Reboot is directed by Sonny Laguna and Tommy Wiklund who gave us the derivative but entertaining Blood Runs Cold and Wither. They direct from a script by S. Craig Zahler based on the characters created by Charles Band and Kenneth J. Hall. One would probably have to be a fan of the original series to appreciate this dull reboot. If not, it’s just a series of gruesome murders of various puppet fodder characters, that has only some well executed practical gore effects to hold one’s interest. It’s just a random series of killings with no real plot other than to see toys kill people leading up to a Sharknado-esque finale. The tone of the flick goes from silly to trying to take itself seriously and if puppets, blood and boobs are all you came for, than it does at least deliver that…though still lacks the goofy charm of the original movie. Also stars genre favorites Barbara Crampton, Michael Paré and Matthias Hues.

-MonsterZero NJ

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BARE BONES: ACTION POINT (2018)

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ACTION POINT (2018)

Comedy opens with grandpa D.C. (Johnny Knoxville) babysitting his granddaughter and telling her about her mother’s (Eleanor Worthington-Cox as a teen, Susan Yeagley as an adult) childhood at D.C.’s once owned theme park. We flashback to Action Point which was a rundown, decrepit excuse for a park where anything could happen at anytime and often did. It was run by a group of misfits lead by D.C. and was the bane of existence for a group of local developers who wanted the land. Something D.C. would have to fight from letting them have.

Film is directed by Tim Kirkby from a script and story by five people including star Knoxville. It’s supposedly based on New Jersey’s real life Action Park where six people were killed on the rides over the span of it’s almost two decades of operation. It’s a routine raunchy comedy and tries to use the Jackass style of physical stunts and pratfalls that Knoxville and co-star Chris Pontius are known for. Their extreme slapstick style of comedy works in the mockumentary format it’s usually presented in, but not here when forced into an actual movie story-line. Now instead of hysterically idiotic buffoonery, it just comes across as poor stunt work. The film itself has some funny bits, but overall, is very by-the-numbers as these crude types of comedies go, with the usual haves vs the have-nots plot. That and Knoxville’s obnoxious jerk act is getting very tiresome at this point and his Jackass teammates are sorely missed. Stick with Bad Grandpa if you need a little story with your Jackasses.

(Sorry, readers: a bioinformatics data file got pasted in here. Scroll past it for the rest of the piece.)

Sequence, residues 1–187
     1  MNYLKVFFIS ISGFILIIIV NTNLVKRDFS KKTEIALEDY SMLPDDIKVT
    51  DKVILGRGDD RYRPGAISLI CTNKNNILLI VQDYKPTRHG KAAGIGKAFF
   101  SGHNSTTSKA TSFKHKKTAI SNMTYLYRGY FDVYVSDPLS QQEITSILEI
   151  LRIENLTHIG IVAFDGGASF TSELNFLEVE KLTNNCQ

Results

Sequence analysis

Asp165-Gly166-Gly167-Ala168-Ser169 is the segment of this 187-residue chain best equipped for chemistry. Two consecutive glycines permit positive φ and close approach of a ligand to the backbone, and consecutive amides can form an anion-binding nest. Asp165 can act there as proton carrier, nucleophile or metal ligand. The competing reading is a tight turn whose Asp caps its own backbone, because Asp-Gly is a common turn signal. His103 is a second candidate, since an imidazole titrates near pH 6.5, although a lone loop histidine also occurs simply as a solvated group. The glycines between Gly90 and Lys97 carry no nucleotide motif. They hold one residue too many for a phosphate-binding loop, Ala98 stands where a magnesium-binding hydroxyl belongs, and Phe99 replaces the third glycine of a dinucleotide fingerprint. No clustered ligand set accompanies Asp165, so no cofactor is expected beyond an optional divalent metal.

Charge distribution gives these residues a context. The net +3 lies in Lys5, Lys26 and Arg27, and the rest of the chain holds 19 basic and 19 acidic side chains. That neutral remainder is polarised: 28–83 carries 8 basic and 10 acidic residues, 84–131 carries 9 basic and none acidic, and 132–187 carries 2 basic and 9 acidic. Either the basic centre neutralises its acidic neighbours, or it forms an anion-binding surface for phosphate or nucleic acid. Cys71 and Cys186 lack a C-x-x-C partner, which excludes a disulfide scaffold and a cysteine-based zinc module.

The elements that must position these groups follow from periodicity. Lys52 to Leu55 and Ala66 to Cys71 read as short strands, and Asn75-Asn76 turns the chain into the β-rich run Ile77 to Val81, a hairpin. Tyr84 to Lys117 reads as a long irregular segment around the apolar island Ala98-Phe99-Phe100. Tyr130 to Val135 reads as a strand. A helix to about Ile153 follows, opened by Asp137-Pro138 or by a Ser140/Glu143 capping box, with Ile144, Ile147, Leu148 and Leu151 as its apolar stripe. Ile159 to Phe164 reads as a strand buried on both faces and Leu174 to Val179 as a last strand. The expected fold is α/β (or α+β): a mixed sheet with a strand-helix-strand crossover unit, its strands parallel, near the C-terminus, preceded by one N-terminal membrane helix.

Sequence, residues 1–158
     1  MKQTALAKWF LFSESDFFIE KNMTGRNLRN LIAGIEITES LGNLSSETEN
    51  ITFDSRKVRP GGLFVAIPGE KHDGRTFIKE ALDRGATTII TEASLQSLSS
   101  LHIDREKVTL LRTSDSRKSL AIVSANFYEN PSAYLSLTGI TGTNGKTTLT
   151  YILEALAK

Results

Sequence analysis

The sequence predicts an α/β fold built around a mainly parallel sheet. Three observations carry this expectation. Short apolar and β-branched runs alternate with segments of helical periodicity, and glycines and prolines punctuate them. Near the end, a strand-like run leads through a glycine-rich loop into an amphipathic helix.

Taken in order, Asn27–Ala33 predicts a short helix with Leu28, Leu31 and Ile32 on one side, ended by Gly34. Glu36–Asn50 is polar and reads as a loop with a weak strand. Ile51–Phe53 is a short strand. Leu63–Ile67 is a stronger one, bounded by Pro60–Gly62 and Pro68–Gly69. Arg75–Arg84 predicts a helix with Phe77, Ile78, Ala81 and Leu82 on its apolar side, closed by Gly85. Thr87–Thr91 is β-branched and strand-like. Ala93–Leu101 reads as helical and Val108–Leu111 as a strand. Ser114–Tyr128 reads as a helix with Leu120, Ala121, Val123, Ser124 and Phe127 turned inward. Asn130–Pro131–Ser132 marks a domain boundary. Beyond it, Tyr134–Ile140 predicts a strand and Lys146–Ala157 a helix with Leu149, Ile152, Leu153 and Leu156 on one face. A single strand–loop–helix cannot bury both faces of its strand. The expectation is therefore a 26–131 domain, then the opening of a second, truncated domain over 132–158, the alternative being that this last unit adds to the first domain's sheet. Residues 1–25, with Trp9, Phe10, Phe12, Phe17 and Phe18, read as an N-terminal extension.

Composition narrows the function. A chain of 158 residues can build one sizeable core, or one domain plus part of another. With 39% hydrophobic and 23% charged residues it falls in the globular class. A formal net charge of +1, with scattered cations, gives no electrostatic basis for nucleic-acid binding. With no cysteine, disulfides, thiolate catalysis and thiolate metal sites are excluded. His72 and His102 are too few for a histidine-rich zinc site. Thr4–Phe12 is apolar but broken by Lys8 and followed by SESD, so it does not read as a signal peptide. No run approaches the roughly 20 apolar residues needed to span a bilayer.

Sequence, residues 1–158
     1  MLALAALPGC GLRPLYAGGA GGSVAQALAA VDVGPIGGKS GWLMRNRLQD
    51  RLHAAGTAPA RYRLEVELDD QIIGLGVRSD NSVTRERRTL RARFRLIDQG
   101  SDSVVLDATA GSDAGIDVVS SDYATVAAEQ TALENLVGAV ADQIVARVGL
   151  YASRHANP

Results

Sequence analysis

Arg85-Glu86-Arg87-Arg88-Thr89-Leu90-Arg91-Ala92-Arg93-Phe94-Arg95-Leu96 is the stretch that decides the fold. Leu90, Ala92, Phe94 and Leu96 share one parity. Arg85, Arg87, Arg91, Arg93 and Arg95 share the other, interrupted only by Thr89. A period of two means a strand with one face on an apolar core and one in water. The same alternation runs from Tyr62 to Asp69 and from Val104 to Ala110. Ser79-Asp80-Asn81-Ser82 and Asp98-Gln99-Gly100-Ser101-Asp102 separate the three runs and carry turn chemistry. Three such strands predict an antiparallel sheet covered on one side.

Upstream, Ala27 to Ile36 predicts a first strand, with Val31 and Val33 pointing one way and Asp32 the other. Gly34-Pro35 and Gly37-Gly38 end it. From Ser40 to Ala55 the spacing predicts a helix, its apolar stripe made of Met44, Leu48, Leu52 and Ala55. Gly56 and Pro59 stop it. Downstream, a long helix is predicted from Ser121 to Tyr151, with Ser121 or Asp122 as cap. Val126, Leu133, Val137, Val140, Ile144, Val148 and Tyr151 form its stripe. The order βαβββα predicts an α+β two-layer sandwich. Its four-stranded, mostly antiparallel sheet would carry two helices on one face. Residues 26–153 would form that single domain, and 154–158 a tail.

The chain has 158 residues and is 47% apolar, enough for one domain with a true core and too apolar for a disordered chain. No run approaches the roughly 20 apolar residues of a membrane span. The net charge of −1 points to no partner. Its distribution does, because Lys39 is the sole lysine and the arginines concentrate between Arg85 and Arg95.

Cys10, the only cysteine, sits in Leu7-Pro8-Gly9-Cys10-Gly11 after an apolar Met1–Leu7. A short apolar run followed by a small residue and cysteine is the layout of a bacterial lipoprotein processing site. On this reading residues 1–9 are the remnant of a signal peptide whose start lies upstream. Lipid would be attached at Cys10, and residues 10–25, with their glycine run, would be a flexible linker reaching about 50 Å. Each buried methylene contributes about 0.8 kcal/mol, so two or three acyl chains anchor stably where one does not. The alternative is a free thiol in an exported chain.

-MonsterZero NJ

2 and 1-2 star rating

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BARE BONES: THE ROW (2018)

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THE ROW (2018)

Flick has new sorority member Riley (Lala Kent) finding out her deceased mother and cop father (Randy Couture) have been keeping secrets from her. Her mother was also a member of that same sorority and she was involved in a hazing incident which caused the suicide of another girl. Now Riley is being stalked by a killer and her father races against time to find out who bears a grudge against his daughter and her sorority sisters and does Riley’s mother’s past misdeeds have something to do with it.

Sorority slasher is directed by Matty Beckerman from a script by Sarah Scougal. It tries hard enough delivering the scantily clad co-eds and a few bloody killings, but is held back by two major problems. One, when a low budget flick like this gets a name in the cast, such as MMA star turned actor Randy Couture, they want to make as much use of that name as possible. So a lot of the focus is on maverick cop Couture, which leaves far less time to develop the character of our leading lady, Riley and the elements and backstory crucial to it’s plot. The second problem is we have another example of a director trying to show you all the cool, gee-whiz, digital editing effects he learned in film school and it’s distracting and doesn’t serve the plot. Slow mo’s, speed ups and color filters are all thrown at us randomly and they serve no purpose in relation to what’s going on. It’s annoying. You went to film school. We get it, get over it. Overall, it’s not a terrible flick, it’s just that it’s not a terribly good one either.

-MonsterZero NJ

2 and 1-2 star rating